John Cummiskey, UCSD Scripps Institution of Oceanography
Joseph Gum, UCSD Scripps Institution of Oceanography
Melissa Miller, UCSD Scripps Institution of Oceanography
Courtney Schatzman, UCSD Scripps Institution of Oceanography

The US GEOTRACES Arctic Expedition on USCGC Healy, August-October 2015, offers the opportunity to compare high-quality, full water column temperature, salinity, dissolved oxygen, and nutrient data from the Canadian sector of the Arctic Ocean with data from the 1994 Makarov Basin crossing from CCGS Louis S. St-Laurent (working with USCGC Polar Sea) and the 2005 Canada Basin transect from Icebreaker Oden (working with the Healy). Supplementary 2015 cruise funding for full-depth profiles for the US Global Ocean Carbon and Repeat Hydrography program and deployment of XCTDs and XBTs are being used to improve lateral resolution along the GEOTRACES track. This will allow identification of mesoscale features (e.g. eddies), improving interpretation of hydrographic and chemical data. The GEOTRACES track overlaps with those of the two previous cruises, thus, in addition to presenting the new hydrographic data, we will show and discuss the differences over the 10- and 20-year intervals between the cruises.

Ocean Circulation and Mixing

Arctic Outflow West Of Greenland: Nine Years Of Volume And Freshwater Transports From Observations In Davis Strait

Beth Curry, Applied Physics Laboratory, University of Washington,
Craig Lee, Applied Physics Laboratory, University of Washington,
Jason Gobat, Applied Physics Laboratory, University of Washington,
Brian Petrie, Bedford Institution of Oceanography,
Kumiko Azetsu-Scott, Bedford Institution of Oceanography,

Approximately 50% of the Arctic outflow exits west of Greenland, traveling through the Canadian Arctic Archipelago (CAA) and into Baffin Bay before crossing Davis Strait. The CAA outflow contributes over 50% of the net southward freshwater outflow through Davis Strait. The remainder is deeper outflow from Baffin Bay, flow from the West Greenland Current and runoff from West Greenland and CAA glaciers.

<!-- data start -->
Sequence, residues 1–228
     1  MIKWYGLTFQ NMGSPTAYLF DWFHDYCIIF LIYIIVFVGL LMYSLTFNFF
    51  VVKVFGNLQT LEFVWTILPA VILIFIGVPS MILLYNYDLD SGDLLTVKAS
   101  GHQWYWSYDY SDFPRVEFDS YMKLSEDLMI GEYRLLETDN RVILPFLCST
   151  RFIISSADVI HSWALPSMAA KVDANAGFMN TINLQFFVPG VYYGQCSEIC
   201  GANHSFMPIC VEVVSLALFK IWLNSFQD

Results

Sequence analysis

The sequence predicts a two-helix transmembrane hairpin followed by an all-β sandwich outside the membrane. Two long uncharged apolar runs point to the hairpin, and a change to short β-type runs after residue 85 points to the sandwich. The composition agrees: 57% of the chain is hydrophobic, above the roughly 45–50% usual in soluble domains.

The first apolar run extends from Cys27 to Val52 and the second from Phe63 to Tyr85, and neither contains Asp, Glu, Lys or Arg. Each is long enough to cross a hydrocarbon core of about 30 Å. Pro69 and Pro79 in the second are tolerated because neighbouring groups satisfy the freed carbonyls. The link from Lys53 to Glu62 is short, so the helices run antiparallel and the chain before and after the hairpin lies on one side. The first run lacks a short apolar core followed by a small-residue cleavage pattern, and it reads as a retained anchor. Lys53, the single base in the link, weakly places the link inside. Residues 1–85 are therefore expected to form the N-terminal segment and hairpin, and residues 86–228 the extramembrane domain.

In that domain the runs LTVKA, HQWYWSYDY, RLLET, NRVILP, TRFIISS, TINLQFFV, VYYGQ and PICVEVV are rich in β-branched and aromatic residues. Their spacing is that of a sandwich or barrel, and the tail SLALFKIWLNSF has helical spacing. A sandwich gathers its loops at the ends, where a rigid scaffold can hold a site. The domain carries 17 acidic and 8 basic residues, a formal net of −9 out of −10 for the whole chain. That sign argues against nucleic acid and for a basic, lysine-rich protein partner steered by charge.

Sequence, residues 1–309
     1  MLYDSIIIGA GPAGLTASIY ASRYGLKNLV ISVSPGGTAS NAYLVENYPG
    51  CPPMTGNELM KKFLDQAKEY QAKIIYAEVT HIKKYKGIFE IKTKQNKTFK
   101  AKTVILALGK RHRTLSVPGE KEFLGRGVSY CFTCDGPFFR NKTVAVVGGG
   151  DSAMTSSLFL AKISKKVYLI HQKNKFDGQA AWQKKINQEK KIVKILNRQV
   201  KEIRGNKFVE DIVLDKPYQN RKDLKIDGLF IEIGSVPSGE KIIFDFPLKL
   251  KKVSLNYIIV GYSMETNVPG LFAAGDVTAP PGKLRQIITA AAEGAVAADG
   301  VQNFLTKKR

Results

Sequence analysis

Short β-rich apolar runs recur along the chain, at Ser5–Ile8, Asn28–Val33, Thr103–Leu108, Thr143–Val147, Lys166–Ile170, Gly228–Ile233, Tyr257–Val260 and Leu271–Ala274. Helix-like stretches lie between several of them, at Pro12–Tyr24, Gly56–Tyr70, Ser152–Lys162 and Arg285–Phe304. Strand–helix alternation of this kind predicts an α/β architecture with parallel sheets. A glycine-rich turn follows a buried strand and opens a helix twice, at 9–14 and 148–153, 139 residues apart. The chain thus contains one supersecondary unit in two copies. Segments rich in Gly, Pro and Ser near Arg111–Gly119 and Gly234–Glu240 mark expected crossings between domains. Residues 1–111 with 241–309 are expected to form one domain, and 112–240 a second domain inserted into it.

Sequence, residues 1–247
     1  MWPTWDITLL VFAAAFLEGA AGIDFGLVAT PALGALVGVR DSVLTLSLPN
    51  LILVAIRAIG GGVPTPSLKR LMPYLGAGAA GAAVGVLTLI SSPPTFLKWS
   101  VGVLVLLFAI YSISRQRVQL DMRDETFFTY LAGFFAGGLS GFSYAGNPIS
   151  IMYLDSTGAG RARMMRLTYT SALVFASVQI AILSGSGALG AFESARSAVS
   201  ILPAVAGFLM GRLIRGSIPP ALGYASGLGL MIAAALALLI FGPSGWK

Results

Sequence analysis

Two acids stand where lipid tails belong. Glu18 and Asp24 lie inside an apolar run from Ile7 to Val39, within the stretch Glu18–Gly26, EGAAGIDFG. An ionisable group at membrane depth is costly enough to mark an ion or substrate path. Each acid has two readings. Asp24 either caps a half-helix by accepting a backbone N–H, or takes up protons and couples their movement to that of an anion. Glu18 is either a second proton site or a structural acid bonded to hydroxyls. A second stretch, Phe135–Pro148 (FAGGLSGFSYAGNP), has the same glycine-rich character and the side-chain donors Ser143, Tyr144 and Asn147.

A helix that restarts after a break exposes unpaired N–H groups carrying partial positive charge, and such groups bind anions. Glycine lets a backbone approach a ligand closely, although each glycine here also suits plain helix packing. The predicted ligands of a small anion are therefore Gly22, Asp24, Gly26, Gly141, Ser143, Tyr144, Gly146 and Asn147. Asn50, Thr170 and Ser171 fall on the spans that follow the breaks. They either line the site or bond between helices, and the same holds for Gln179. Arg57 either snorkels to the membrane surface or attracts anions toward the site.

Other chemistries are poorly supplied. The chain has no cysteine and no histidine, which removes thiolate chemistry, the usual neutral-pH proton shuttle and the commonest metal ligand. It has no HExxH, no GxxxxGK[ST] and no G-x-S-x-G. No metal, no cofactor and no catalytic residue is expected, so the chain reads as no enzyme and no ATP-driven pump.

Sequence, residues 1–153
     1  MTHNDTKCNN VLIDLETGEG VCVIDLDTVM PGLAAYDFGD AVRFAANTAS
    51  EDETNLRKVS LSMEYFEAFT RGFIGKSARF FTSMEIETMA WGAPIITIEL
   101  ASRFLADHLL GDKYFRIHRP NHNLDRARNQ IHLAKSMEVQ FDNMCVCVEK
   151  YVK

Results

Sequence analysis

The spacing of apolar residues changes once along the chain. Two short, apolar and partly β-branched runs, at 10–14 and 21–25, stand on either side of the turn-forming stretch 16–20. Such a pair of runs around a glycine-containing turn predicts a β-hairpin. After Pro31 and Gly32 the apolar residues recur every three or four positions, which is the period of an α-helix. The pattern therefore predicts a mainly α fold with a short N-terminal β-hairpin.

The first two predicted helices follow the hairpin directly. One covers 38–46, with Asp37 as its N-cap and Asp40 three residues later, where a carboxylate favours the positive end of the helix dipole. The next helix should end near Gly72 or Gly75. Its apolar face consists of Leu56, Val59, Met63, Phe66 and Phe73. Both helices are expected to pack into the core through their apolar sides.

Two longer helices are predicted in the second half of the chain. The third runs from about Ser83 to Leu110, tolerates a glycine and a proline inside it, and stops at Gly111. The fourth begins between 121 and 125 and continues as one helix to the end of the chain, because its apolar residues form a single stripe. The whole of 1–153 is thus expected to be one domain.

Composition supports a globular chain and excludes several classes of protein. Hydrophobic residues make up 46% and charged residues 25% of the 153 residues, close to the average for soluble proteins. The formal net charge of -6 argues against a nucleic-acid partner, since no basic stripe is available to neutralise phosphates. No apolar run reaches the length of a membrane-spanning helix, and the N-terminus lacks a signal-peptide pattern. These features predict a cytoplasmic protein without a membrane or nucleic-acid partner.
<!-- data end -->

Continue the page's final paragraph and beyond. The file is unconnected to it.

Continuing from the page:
Since September 2004, an observational program in Davis Strait has quantified volume and freshwater transport variability. The year-round program includes velocity, temperature and salinity measurements from moorings spanning the full width (330 km) of the strait accompanied by autonomous Seagliders surveys (average profile separation = 4 km) and autumn ship-based hydrographic sections. Over the shallow Baffin Island and West Greenland shelves, moored instrumentation provides temperature and salinity measurements near the ice-ocean interface. From 2004-2013, the average net volume and liquid freshwater transports are -1.6 ± 0.2 Sv, -94 ± 7 mSv, respectively (salinity referenced to 34.8 and negative indicates southward transport); sea ice contributes an additional -10 ± 1 mSv.

Over this period, volume and liquid freshwater transports show significant interannual variability and no clear trends, but a comparison with reanalyzed 1987-90 data indicate a roughly 40% decrease in net southward liquid volume transport and an almost 30% decrease in freshwater transport. Transport variability is strongly influenced by variations in: the CAA inflows, Baffin Bay circulation and regional atmospheric circulation. Connections between the Arctic are also captured, e.g., a unique yearlong Davis Strait freshening event starting September 2009 that was likely driven by an earlier freshening (January 2009 – April/May 2010) in the Canadian Arctic. The Davis Strait autumn 2009 salinity minimum was fresher (by about 0.2), lasted longer, and spanned a greater distance across the strait than in other years.